Friday, July 19, 2024  |


Franchon Crews-Dezurn completes a long journey to the top

Fighters Network

Mother’s Day was approaching. Franchon Crews-Dezurn was very aware of it, still in New York City on Tuesday, May 3, basking in the glow three days after her new achievement as the first woman in boxing history to become the first undisputed super middleweight and Ring Magazine world champion.

What Crews-Dezurn really yearned for was to cradle the urn of her late mother, Sarah Marie Crews, who overcame cancer twice before succumbing to complications from a chronic kidney disease. Crews-Dezurn could tell Sarah Marie about a story she was aware of, how she worked three jobs, toiled in places while dreaming of bigger things, and how a mother’s strength continues to translate in the ring.

As long as Crews-Dezurn keeps fighting, Sarah Marie keeps living and breathing through her daughter.

Crews-Dezurn (8-1, 2 knockouts) likens herself to the black Phoenix, raising from the ashes herself to become a 168-pound world champion, proud owner of The Ring’s first-ever super middleweight championship, along with the WBC/WBO/IBF/WBA titles, after dominating Elin Cederroos (8-1, 4 KOs) on the Katie Taylor-Amanda Serrano undercard before a sellout crowd of 19,187 at Madison Square Garden last Saturday.

Crews-Dezurn won by unanimous decision, getting 99-91 verdicts from judges Kevin Morgan and Waleska Roldan, while judge Eric Marlinski saw a little closer, 97-93.

And she did it her way—using orchestrated chaos.

“I’ve been through a lot of stuff in my life, working three jobs while getting my college degree and taking care of a sick mother, and I watched my mother die, she was the apple of my eye,” Crews-Dezurn said. “My mother was able to see me turn pro against Claressa Shields (a four-round decision loss) and two weeks later she passed away. I was there. I saw her take her last breath. I fought Claressa straight off the coach, on two-week’s notice. On December 7, 2016, my mother passed away.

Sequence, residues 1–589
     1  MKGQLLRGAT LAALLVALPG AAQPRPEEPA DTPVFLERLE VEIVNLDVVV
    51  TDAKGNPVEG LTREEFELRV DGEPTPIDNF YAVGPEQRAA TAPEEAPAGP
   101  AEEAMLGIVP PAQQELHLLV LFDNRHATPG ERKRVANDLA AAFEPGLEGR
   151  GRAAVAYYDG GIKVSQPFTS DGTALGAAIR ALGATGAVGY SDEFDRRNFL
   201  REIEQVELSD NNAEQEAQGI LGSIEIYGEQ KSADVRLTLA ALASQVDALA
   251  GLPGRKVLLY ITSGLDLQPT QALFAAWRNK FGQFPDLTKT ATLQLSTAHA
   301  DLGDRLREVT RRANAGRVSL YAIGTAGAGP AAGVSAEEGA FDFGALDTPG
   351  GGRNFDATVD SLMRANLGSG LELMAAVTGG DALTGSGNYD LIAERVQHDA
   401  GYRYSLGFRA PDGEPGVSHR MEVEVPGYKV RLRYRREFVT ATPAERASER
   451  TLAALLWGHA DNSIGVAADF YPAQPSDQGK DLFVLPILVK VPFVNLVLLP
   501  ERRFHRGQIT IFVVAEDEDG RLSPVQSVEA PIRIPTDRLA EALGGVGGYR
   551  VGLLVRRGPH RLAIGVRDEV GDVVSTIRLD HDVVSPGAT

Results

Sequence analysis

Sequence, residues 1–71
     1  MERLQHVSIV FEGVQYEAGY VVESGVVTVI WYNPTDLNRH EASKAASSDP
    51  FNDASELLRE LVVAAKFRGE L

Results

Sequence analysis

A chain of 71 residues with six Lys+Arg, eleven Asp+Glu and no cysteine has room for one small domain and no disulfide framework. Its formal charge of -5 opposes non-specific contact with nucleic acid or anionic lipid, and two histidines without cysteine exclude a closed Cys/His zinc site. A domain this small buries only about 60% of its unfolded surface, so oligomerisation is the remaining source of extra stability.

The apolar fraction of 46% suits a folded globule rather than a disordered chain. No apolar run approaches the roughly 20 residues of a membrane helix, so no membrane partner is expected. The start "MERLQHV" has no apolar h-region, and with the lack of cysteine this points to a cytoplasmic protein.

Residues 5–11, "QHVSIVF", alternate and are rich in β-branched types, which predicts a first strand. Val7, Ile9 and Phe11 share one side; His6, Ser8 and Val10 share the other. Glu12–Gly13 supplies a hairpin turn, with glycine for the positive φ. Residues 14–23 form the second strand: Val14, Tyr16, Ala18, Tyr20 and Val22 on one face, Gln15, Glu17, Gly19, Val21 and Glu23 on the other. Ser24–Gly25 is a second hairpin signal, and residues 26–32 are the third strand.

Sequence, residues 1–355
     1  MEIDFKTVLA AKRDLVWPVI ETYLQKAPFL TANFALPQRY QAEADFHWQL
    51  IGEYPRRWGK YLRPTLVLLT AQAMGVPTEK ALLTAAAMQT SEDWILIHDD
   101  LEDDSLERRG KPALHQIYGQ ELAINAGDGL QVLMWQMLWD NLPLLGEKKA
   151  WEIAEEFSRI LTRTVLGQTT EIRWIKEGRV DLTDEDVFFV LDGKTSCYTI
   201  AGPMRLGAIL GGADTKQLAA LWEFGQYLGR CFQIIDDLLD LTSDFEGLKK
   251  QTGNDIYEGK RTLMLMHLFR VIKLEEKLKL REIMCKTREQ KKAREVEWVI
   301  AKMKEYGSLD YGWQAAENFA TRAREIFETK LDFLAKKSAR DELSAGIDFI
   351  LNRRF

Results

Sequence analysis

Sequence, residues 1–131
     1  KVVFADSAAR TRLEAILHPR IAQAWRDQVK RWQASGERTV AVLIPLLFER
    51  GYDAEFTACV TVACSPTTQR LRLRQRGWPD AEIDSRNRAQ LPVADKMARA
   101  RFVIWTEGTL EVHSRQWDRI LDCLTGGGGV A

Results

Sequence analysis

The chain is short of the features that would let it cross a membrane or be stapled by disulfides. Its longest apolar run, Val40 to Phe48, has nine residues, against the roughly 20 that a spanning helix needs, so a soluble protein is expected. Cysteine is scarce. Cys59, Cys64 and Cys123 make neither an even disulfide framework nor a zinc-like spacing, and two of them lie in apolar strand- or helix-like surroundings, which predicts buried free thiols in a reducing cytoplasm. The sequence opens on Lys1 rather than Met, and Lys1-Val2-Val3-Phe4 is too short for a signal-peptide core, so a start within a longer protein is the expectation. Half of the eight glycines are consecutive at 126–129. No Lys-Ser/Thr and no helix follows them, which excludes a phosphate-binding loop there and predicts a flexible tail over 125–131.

“My mother was one of my biggest inspirations. She fought years to live. She had a brain aneurism and she never cried and never complained. I wish she was there to see me Saturday night.”

Crews-Dezurn, 34, says she can be a technical boxer, when she has to be. Otherwise, she’s a tornado. If you’re in a dangerous back alley, you would want the crudely effective Crews-Dezurn with you.

“Whatever I need to be, I am, I become water,” Crews-Dezurn said. “I can be technical, but why be technical with someone who was as technical as (Cederroos)? Look back as some of the technical things I was able to do in previous fights. I know what I’m doing. When it calls for it, I can brawl. I like to use orchestrated chaos. I didn’t even use my full arsenal. I’ve been around a long time. I was a street fighter before anything.

“I do have technical skills. I can box. If I didn’t know what I was doing, I wouldn’t have been able to slow the fight down and pot shot (Cederroos) in the seventh and eighth rounds. I know what I’m doing. It’s just not orthodox. Winning this title means everything to me. It hasn’t settled in yet. For me, I always saw myself as a world champion and I felt I was destined for something great.”